Francis Anderson Fay was born on May 21, 1919 on Conanicut Island (Jamestown), R.I. He primarily grew up there but coming from a Navy family, he also moved around a bit, spending parts of his childhood on the Yangtze River in China and other time in Washington DC. Francis attended a military high school before going into the Navy and serving five years in the South Pacific during World War II.
Following Navy life, Francis worked as a carpenter and then became involved in what was a unique social experiment for its time. He moved into a Roschdale housing cooperative, a multi-faith, multi-racial, inner city home in Philadelphia. This proved to be a life-changing experience for this young man in more ways than one.
In 1950, a young woman named Nancy came to the home to visit her brother, one of Francis’ housemates. This was life changing for Nancy, as well! She moved into the house and eventually became engaged and then married to Francis Fay in 1952.
After learning of Quakerism through some of their housemates, Francis and Nancy attended many Philadelphia area meetings for worship. Following their move to Madison, Wisconsin, they attended Madison Monthly Meeting and became members of the Religious Society of Friends there in 1953.
Francis pursued his education at the University of Wisconsin eventually earning his PhD and discovering his passion for teaching. He went on to a satisfying career in education at the university level, first at Goddard College in Plainfield, Vermont, and eventually at the University of North Carolina in Chapel Hill. During these busy years this couple produced three wonderful children, Jonathan, Deborah, and Elf.
Over the years they became active and involved with the Quaker worship groups and meetings wherever they lived. These included those in Wisconsin, Iowa, Vermont, Chapel Hill, and Lopez Island, Washington. Francis was an integral part of the transition from worship group to monthly meeting in Plainfield, Vermont. When the couple later moved to Chapel Hill, Francis once again used his wisdom and Quaker knowledge for the benefit of his meeting there, serving as clerk for a term and on numerous committees. He is still remembered fondly by several in the Chapel Hill Monthly Meeting for his contributions to the life of their meeting in ways that challenged them, educated them, and still bring smiles to the faces of those who knew him.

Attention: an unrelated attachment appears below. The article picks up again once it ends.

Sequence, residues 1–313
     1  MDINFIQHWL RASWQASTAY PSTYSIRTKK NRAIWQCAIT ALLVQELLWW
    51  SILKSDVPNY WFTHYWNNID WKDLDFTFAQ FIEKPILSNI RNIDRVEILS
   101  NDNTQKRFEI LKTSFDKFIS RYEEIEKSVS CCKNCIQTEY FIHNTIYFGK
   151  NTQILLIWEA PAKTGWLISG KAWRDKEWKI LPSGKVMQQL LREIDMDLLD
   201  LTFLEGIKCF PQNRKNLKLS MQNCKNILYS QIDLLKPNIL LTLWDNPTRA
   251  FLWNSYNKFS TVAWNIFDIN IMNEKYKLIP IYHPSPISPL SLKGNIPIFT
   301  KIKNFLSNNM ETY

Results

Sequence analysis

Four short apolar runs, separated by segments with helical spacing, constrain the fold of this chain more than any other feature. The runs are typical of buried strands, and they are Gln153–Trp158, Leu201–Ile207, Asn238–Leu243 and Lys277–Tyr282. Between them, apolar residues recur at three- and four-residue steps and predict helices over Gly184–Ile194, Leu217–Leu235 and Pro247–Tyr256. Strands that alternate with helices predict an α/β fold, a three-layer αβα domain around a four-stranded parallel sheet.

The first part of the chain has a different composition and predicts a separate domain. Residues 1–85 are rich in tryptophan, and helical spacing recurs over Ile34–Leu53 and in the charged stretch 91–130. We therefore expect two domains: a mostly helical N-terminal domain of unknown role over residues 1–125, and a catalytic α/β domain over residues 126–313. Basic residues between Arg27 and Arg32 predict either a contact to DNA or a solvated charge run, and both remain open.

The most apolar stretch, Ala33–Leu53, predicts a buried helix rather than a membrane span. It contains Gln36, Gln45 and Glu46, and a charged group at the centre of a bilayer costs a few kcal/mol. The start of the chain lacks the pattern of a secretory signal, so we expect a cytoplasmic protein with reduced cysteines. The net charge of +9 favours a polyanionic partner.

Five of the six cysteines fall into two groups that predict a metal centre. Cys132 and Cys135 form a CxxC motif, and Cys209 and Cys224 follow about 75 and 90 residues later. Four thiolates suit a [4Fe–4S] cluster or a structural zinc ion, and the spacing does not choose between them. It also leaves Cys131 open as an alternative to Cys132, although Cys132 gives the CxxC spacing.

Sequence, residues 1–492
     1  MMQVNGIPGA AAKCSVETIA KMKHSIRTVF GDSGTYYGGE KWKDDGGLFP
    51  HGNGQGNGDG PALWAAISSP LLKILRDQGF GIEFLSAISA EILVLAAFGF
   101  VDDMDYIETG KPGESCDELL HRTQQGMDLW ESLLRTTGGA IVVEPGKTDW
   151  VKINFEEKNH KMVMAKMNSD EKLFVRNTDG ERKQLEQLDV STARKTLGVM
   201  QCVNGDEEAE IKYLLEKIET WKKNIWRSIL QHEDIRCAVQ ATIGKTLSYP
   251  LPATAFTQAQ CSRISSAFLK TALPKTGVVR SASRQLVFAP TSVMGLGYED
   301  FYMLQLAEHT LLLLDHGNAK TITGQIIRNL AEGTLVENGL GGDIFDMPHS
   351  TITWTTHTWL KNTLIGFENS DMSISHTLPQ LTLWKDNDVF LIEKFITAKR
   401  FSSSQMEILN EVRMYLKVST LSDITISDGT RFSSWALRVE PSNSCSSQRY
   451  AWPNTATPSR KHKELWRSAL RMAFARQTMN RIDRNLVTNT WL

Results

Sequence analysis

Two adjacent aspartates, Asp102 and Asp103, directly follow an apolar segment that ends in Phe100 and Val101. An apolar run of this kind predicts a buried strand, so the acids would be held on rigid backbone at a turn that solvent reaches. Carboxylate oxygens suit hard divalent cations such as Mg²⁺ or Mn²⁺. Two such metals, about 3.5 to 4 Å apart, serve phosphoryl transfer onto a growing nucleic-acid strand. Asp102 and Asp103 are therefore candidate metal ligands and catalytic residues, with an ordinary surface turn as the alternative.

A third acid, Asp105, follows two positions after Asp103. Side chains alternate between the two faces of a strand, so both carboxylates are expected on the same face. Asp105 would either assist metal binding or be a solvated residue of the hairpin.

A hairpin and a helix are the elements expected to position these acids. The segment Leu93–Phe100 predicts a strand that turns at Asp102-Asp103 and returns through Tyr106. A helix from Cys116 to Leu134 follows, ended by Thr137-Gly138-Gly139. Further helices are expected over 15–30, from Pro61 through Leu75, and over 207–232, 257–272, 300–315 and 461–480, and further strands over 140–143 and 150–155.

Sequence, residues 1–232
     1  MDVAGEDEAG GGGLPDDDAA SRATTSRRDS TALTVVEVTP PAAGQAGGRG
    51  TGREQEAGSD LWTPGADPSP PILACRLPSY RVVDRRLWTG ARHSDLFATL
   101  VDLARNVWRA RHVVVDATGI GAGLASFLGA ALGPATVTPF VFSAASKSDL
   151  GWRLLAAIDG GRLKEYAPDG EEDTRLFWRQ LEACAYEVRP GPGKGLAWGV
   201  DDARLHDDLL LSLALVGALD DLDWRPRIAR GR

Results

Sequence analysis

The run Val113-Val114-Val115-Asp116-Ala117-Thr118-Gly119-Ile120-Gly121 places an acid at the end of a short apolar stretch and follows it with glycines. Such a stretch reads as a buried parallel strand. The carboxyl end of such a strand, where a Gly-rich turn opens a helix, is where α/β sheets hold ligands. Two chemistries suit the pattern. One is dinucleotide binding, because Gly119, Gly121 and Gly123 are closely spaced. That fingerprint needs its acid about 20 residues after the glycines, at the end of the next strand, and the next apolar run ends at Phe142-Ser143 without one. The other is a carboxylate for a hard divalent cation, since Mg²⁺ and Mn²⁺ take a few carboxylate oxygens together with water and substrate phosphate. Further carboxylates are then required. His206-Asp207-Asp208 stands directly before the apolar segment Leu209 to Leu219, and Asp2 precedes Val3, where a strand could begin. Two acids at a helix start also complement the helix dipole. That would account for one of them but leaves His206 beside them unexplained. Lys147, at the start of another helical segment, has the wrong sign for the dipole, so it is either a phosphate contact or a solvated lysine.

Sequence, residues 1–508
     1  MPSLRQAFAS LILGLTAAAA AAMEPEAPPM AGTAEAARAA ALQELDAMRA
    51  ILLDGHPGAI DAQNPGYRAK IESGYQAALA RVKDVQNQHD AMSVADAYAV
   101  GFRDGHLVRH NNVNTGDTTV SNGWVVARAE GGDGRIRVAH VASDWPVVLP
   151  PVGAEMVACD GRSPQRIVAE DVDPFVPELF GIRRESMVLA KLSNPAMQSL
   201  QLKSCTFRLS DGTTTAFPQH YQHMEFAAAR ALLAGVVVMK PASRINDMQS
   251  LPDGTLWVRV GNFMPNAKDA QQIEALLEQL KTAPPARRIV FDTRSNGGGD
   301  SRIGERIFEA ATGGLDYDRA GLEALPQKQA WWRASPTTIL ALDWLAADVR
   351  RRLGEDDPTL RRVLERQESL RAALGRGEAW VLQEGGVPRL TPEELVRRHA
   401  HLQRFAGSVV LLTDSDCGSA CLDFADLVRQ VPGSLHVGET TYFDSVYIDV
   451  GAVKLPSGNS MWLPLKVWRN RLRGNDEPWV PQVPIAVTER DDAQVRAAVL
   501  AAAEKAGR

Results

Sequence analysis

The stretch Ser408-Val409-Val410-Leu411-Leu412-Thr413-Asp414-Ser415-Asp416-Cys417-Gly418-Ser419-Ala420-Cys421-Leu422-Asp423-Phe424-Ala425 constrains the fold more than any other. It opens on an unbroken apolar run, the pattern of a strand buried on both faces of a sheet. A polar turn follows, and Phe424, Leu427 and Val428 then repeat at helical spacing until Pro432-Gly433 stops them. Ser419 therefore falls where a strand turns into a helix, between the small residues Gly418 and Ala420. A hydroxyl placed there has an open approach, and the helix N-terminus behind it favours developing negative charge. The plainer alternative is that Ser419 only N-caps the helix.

When Francis and Nancy moved to Lopez Island in 2001, they were once again welcomed and loved for their warmth and kindness. Friends from across the country describe Francis Fay as possessing a wonderful combination of wit and wisdom. These attributes stayed with Francis beyond the onset of the Alzheimer’s disease that would eventually end his life. Though Francis suffered from this disease in recent years and was not able to keep up his social contacts, he maintained his physical health and inimitable sense of humor. He kept his family laughing until the end. Francis died peacefully at his home on Lopez Island on December 19, 2013.
Francis was fortunate to be able to be cared for at home by his wife Nancy, with help from their daughters Elf and Deb and a wonderful team of local caregivers.
Francis is survived by Nancy, his wife of 61 years; their three children, Jonathan, Deb and Elf; and six grandchildren: Rush, Robin, Anna, Molly, Zoe, and Jasper. He loved them all. His family is grateful for his long and eventful life and the many dear friends who enjoyed his companionship over the years.